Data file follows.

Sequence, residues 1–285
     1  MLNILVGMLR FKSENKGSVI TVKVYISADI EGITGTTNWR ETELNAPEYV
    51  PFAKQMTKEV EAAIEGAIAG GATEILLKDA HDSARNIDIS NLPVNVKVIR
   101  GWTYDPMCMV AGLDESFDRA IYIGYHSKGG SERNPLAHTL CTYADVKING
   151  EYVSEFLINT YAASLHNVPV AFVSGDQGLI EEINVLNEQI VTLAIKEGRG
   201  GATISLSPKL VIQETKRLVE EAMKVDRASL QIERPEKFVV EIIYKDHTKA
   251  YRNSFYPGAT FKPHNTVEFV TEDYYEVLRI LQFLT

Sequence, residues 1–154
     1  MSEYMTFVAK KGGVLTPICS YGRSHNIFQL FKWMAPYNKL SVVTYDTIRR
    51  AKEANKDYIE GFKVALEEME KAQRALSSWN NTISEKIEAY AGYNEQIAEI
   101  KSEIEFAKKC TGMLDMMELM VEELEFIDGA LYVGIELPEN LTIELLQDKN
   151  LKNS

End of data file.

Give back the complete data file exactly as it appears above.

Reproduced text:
Sequence, residues 1–285
     1  MLNILVGMLR FKSENKGSVI TVKVYISADI EGITGTTNWR ETELNAPEYV
    51  PFAKQMTKEV EAAIEGAIAG GATEILLKDA HDSARNIDIS NLPVNVKVIR
   101  GWTYDPMCMV AGLDESFDRA IYIGYHSKGG SERNPLAHTL CTYADVKING
   151  EYVSEFLINT YAASLHNVPV AFVSGDQGLI EEINVLNEQI VTLAIKEGRG
   201  GATISLSPKL VIQETKRLVE EAMKVDRASL QIERPEKFVV EIIYKDHTKA
   251  YRNSFYPGAT FKPHNTVEFV TEDYYEVLRI LQFLT

Sequence, residues 1–154
     1  MSEYMTFVAK KGGVLTPICS YGRSHNIFQL FKWMAPYNKL SVVTYDTIRR
    51  AKEANKDYIE GFKVALEEME KAQRALSSWN NTISEKIEAY AGYNEQIAEI
   101  KSEIEFAKKC TGMLDMMELM VEELEFIDGA LYVGIELPEN LTIELLQDKN
   151  LKNS